Teller of Fortunes 25: Wealth in Smoke

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After her last bout of fortune-telling — and a misunderstanding — the Teller of Fortunes is now left buried underneath a pile of gifted puffroot.

Elsewhere across the camp, Brair the fire-breather is in a similar situation to Ane’s sudden wealth of puffroot; the only difference is that he’s getting loaded down with appohs instead. This is all because, after predicting a Chaos Storm, she told the locals they would enjoy puffroot and appohs respectively. Apparently neither boon is enough to deplete the village’s crop by any measure, but it’s far more than any single person is meant to have in their wagon.

This is a whole damn village, after all, and a fairly sizable one at that. None of them give a damn about the shows, though. They’re all too busy starting the preparations — moving their crops, planning for barricades, considering where to lodge when the month ends — that sort of thing. There is a Chaos Storm coming in a month, after all.

Ane is beginning to have second thoughts about telling the woman to be generous to avoid the wrath of Vurumaji. It’s not that she isn’t grateful, as she certainly hopes Brair is if he’s getting free appohs, but there’s just so much of it. She could smoke up the entire caravan for weeks. It is a pretty valuable haul, but turning it into coin also means storing it, moving it, finding a market for it, and haggling.

At this rate, she’ll be stuffing her mattress with puffroot just to have somewhere to put it.

As more material pours in, it even overturns the coin bowl at some point. The silver clatters out across Ane’s table, rolling and flipping out onto the brocade. One by one, they tumble out, and when they land…

Nine out of the ten in sight are heads-up. While it’s certainly improbable, perhaps it is a sort of omen… After all, coins and cups are symbols of the gods Sarehn and the Wanderer. This result might mean that they look favorably upon this reading. Regardless, the sight instills a certain, visceral warmth in Ane’s chest, like the sort one may feel upon moving an injured, bleeting vulre kid in from the rain.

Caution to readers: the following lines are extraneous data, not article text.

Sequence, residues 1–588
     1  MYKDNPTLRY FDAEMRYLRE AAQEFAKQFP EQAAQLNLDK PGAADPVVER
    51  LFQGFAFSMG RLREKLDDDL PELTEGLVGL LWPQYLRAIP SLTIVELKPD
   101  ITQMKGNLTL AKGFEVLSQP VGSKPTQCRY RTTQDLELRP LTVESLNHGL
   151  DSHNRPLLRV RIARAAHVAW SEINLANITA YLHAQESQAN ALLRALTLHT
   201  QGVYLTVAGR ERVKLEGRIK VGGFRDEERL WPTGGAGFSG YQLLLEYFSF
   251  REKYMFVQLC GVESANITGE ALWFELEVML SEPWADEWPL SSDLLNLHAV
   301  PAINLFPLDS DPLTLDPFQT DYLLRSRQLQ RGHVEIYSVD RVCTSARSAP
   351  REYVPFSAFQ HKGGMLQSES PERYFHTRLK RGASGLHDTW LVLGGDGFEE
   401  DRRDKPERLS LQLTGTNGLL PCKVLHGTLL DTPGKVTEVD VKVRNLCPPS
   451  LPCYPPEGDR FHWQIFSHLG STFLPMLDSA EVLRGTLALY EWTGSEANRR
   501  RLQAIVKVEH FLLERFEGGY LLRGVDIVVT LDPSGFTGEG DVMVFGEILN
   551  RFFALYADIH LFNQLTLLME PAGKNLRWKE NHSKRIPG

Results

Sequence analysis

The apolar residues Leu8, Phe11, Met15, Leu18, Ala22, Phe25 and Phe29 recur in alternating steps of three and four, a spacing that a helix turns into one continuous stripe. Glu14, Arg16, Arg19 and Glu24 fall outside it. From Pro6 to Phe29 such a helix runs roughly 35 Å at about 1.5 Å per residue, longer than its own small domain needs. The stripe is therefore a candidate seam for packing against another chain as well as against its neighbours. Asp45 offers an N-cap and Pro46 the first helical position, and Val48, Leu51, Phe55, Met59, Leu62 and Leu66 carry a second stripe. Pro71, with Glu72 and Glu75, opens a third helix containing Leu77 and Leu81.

In time, the situation calms, and Ane is now sitting with her great mound of puffroot. The whole lot of it would have to be measured in the dozens of pounds. The take in silver is pretty normal for a small town — just three gold, mostly in copper — but this is a hilarious sum when one considers that Ane did only one reading for the entire day.

Hopefully Jarrik the caravan master likes smoking, or has managed to hire a passel of mercenaries who do — he’s probably going to be disappointed, otherwise. Ane decides to stop the Half-Light Show a little early, the better to begin shifting all of the puffroot to her wagon. It requires many trips and the patient stuffing of several empty pillowcases, but, eventually, the interior of her wagon looks like a rather oddly-decorated puffer parlor.

Even so, when she goes to take down her tent, she still finds some of the stuff tucked away in the folds and corners of the canvas — and will probably continue to do so for months. 

At least it smells good.

Later, she sits on her bed, nestled beside her window as a cool breeze flutters her curtains. She’s wrapped in her robe, with a book propped on one knee and a cattail paper cigarillo pinched between her thumb and forefinger. Silvery smoke, tinged with an earthy fruitiness and deep, molasses-sweetness, rises and drifts lazily from the ember glowing at the end of it. Though she’s reading, her efforts at doing so are minimal at best — it’s another dogeared bit of romantic fiction, a lyric poem following the adventures of a buxom milkmaid and the lord of the manor (or was it a well-endowed farmhand and a duke? It doesn’t really matter). She could probably still her hum completely and have a better adventure play out in her half-drowsy imagination right now. 

Romantic stories have never been among her interests, but books are expensive. Most of hers had originally been collected by the caravan’s old bearded lady — a costly balm for the woman’s own frustrated passions. There were Archestran epic poems about star-crossed lovers, Aed’harthi bodice-rippers about pirates, Pellan tales of sloe-eyed maids seduced by fae, S’vargan stories about dashing bandits and courtly intrigue… When Ane inherited a crate of them upon her friend’s passing, how could she turn them down? The stories themselves are often uninspired, but, on a long enough road, even the antics of dewy-eyed lovers without an ounce of genre savviness make for good company. There are many books printed in ways Ane will never be able to read (flat ink is no friend to a shasii’s sight), but she wouldn’t give them up for all of the gold in Archestra.

Ane smothers a yawn with the back of her free hand and shakes her head as if to clear it. She reaches around to stub the puffroot out on the side of her stove, leaving the rest of the cigarillo atop it to wait. Void, she can’t even finish a pinch of puffroot in a sitting — she has no idea how she’s going to live with this much of it.

She pulls her blanket up around her, tucking herself in to enjoy the tail end of the day, lulled to sleep by a gentle high and the soft, staccato bap-bapping of the shardflies against her curtains.